I don’t have many nice memories.
They all seem to fade away.
And the people I love go with them.
I remember being happy, unusual for me. I only just remember my Momia, but only little things and they are clouded with confusion and despair, it is like a veil of dullness has been cast over them, I do not remember feeling truly happy.
I remember eating ice-cream with her, going to the seaside with her, driving her rambling old car and laughing with her, singing songs in Latin at the cathedral.
I wish I remembered more.
I only have one vivid memory of her, when she was playing the piano.
Reuben tells me she was an excellent pianist.
My memory goes like this; I am sitting next to her while she plays, we are singing along to the music. It is a soft sweeping kind of music, like a lullaby but different.
Her fingers caress the keys softly, like she is stroking them, they purr back an exquisite tune. She puts an arm around me, and we rock gently to the music. I close my eyes and let it all wash over me.
But that’s all I remember.
Then I remember her lying on a hard bed, with everyone I knew and plenty I didn’t, crying and saying goodbye. I remember wondering why Momia wasn’t replying. I remember Reuben hold my hand tightly with red swollen eyes. I remember Padre showing no emotion. I remember asking Reuben why Momia wasn’t waking up, “Why isn’t Momia waking up?” I asked him, “They are playing her favourite hymns.” He just looked at me with pity in his eyes, saying;
“Momia will never wake up Echo, she will never wake up again.”
“But that only happens when people die Reuben.”
I remember the truth dawning.
“Why would you say that?” I screamed, “That’s bad luck to say that! What are you talking about?!” I started to cry people looking at me slightly confused. Padre was making his way over to us, a stern look in his eyes. I pushed past my brother, running out the door and onto the crowded city streets. Somebody grabbed onto my arm and pulled me into a tight hug.
It was Reuben. Why was his nose bleeding? “Don’t ever go Echo, never leave me,” he whispered fiercely, “I will never leave you, I promise.” I murmured back. Looking back I feel angry at him for making a promise he could never keep himself.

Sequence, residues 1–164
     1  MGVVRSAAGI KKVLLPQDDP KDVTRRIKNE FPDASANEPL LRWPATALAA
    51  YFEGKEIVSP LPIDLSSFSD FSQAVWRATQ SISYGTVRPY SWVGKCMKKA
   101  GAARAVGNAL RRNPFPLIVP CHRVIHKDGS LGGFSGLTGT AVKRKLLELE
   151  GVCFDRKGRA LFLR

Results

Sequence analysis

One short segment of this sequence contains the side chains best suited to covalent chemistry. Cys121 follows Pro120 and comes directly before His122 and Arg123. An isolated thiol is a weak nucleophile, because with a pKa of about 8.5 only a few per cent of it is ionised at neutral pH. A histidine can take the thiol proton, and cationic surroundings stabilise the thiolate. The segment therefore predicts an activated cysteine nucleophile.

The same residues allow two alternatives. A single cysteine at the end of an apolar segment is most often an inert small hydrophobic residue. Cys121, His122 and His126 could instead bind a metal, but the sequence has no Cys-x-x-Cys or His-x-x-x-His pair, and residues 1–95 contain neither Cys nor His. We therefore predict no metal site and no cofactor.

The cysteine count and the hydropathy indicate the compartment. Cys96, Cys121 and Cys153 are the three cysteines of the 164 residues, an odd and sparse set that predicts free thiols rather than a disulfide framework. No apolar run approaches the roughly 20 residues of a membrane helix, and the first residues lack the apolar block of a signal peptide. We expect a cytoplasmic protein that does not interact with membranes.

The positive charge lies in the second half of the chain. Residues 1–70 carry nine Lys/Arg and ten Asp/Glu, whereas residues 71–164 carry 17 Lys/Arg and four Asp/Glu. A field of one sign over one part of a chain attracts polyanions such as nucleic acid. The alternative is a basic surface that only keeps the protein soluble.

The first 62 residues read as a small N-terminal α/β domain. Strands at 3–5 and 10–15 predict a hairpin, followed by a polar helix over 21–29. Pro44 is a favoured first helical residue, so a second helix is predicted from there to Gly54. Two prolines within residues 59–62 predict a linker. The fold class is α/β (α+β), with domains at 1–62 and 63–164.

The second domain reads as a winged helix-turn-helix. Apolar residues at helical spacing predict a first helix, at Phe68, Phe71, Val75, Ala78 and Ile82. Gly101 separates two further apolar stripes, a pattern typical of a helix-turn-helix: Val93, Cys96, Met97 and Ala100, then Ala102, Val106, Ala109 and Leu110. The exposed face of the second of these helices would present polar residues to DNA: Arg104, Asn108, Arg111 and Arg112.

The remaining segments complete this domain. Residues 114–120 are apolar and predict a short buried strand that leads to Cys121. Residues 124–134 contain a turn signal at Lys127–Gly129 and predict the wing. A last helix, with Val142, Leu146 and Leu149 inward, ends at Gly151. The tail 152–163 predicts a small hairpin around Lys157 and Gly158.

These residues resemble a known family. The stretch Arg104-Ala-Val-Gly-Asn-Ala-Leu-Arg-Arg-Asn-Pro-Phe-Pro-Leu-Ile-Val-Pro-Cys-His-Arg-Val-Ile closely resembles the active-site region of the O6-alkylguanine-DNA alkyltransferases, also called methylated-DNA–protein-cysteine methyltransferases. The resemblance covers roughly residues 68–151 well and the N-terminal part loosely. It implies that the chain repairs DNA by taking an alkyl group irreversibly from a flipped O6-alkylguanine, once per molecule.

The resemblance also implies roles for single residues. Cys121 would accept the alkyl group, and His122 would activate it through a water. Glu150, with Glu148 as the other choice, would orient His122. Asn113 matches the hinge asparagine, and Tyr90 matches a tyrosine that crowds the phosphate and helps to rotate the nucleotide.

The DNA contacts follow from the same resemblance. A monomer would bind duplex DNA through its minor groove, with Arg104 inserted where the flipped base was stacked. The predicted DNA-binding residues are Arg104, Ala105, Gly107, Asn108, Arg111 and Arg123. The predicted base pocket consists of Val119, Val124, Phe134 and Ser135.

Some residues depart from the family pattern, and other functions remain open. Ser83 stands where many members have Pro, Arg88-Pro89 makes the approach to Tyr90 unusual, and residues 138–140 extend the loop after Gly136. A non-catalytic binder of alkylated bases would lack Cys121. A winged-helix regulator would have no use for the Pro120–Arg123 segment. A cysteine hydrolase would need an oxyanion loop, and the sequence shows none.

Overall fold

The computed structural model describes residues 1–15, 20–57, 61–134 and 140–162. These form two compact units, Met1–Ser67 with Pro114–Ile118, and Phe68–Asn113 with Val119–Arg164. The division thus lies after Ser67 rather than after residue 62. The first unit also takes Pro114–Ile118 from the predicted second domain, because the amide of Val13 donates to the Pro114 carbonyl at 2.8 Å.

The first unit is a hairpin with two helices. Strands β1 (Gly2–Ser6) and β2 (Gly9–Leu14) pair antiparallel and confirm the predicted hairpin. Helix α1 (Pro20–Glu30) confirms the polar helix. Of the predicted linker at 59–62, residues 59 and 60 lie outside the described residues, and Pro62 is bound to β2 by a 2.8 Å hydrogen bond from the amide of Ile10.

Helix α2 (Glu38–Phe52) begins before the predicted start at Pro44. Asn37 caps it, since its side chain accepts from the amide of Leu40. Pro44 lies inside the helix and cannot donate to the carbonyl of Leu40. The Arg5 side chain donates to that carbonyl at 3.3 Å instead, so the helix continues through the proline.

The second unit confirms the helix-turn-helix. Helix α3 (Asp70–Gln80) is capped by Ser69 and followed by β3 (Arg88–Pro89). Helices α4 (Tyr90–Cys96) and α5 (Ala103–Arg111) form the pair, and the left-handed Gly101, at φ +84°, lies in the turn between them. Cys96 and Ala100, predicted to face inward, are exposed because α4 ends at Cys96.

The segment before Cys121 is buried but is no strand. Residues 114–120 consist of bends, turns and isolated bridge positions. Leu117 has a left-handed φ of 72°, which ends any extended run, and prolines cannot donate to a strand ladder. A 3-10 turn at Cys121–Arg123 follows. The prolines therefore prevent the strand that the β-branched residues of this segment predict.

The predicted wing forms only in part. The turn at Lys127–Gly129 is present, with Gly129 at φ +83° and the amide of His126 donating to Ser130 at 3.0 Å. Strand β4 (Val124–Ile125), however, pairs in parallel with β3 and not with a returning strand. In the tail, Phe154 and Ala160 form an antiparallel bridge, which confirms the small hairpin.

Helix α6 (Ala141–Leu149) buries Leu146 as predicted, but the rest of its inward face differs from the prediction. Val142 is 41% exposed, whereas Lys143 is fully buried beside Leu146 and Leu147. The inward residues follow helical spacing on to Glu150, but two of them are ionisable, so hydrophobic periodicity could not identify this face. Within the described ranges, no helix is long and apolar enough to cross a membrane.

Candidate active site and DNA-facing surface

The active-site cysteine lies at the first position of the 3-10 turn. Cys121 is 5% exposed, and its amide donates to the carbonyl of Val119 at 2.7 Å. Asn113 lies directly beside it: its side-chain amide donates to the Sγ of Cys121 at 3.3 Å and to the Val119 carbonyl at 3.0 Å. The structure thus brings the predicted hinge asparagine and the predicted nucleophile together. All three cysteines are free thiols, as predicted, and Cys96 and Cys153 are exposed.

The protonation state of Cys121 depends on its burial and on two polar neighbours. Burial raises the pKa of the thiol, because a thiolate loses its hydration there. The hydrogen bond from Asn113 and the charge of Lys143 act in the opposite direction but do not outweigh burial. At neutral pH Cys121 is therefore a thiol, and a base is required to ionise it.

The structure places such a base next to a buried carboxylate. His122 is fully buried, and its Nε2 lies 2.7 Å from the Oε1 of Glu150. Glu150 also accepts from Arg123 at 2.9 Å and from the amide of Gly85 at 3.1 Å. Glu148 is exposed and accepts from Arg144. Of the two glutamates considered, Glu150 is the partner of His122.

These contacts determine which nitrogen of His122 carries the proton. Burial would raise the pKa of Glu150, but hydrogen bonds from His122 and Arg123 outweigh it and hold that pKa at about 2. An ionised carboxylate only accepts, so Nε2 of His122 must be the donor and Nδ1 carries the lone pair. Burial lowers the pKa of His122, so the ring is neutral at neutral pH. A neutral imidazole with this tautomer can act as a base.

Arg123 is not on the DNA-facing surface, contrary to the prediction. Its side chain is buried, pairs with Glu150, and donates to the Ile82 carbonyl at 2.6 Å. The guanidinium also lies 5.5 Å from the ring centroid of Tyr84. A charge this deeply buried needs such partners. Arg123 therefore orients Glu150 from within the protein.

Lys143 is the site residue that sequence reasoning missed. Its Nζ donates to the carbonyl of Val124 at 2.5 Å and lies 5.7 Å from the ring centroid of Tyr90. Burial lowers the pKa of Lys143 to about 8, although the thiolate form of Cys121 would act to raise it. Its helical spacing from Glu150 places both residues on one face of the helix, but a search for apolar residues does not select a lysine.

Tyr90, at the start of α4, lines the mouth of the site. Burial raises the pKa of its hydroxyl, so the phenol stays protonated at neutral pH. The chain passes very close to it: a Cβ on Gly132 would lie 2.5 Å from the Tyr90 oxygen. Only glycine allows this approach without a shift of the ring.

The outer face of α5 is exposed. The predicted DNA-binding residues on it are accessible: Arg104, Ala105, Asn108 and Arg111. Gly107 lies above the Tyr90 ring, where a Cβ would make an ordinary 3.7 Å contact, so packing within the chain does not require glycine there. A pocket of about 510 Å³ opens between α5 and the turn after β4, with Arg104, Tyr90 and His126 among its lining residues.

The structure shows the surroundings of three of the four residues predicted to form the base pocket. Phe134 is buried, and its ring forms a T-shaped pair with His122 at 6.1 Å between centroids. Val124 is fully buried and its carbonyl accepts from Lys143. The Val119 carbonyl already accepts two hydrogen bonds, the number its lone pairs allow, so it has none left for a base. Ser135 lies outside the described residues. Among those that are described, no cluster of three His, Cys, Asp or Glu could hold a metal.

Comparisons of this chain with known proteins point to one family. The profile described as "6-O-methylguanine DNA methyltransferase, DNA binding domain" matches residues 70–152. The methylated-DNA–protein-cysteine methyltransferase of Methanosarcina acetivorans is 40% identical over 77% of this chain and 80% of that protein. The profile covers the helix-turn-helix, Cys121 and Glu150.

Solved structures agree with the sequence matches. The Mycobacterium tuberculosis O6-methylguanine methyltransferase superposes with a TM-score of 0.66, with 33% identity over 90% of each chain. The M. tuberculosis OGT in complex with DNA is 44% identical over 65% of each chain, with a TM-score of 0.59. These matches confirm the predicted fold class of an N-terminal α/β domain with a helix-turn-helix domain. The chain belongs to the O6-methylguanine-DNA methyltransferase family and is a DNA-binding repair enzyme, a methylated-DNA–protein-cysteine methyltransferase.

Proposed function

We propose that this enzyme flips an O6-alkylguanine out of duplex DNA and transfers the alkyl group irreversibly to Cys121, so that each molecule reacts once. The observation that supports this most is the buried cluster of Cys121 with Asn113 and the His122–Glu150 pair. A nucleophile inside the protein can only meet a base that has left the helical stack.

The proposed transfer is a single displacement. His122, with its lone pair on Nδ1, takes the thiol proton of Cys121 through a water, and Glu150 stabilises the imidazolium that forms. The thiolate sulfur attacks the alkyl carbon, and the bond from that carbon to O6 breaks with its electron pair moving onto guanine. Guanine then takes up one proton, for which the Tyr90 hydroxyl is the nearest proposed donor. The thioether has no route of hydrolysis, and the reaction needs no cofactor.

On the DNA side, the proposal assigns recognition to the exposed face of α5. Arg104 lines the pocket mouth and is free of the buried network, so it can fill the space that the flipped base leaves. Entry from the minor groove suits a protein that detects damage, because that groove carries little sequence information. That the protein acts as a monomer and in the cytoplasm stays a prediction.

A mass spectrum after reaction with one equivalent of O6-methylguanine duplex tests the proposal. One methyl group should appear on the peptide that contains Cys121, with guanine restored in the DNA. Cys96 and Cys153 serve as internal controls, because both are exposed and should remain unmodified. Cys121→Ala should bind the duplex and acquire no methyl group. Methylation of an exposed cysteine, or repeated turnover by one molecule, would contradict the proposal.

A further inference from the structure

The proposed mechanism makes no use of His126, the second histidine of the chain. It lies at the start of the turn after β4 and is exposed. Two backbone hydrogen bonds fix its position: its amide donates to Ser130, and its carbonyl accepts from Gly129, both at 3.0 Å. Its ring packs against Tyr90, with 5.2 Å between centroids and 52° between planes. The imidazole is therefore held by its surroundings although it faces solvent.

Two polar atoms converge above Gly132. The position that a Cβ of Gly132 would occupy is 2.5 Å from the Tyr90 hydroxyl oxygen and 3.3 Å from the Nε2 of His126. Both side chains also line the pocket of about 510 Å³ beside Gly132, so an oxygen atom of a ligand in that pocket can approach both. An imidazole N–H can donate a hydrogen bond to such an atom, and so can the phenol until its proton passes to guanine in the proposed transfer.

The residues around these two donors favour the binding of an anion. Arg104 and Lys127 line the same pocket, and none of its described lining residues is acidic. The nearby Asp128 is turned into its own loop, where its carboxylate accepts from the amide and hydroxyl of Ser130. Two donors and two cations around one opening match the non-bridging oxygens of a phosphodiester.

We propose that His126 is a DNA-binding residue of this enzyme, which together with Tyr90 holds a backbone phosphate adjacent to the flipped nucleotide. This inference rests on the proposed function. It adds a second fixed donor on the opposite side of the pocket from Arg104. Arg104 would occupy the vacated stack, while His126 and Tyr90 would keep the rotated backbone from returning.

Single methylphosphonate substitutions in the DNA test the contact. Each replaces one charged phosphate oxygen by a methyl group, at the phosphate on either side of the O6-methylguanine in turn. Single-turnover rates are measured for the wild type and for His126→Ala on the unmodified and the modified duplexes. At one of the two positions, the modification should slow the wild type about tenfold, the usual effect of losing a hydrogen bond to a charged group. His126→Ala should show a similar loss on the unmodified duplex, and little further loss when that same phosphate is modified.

I soon knew how Reuben had a bloody nose that day of Momia’s funeral.
Our Padre had hit him.
Now whenever Reuben did something wrong Padre would hit him.
Padre never hit me.
The day after the funeral, a cold, dark, shroud had been placed over our home; the laughter which Momia brought with her everywhere was gone.
I felt so sad and alone. Reuben was in his room. Padre was in his study. I was in Momia’s favourite room, the drawing room.
The grand piano was in this room.
It reminded me of Momia. I gingerly lifted my hand and ran my fingers over its smooth surface, recalling how beneath this cold exterior there is something wonderfully unexplainable.
Momia’s box of happiness.
I gently slid myself onto the long piano stool and lifted the heavy cover.
I tenderly pushed one key; the noise was so beautiful I pushed another, and another.
The song was forming, the noise delicate but beautiful.
A smile spread across my features.
I never thought I would smile again. But time is always changing.
“Piano lessons?” my father asked when I told him my request. He stared very hard at his paperwork, I couldn’t see his eyes, his reading glasses had caught the sunlight, I blinked.
“They are too expensive.” He concluded, turning back to his papers, while pouring himself a brandy out of a crystal decanter. I turned and walked out of the room, passing the gold gild mirror and the luxurious furniture.
My family immigrated to America from Bolivia when I was two years old and my brother Reuben was ten. We always spoke Spanish at home.
We were apparently of Jewish origin, but we have always been Catholics. We go to the big cathedral every Sunday and we know the mass in Latin.
At least, we used to go.
We never went after Momia’s funeral.
I only have one picture of her. It is faded and old, it’s all I have.
The picture shows her playing the piano, her shoulder length black curly hair framing her olive coloured face soft and warm.
A smile brings her whole face to life, dark pink lips slightly parted to reveal two rows of white pearly teeth her bright brown eyes alive and dancing.
I keep that picture under my pillow. Reuben and I look at it every day before we go down stairs and greet Padre.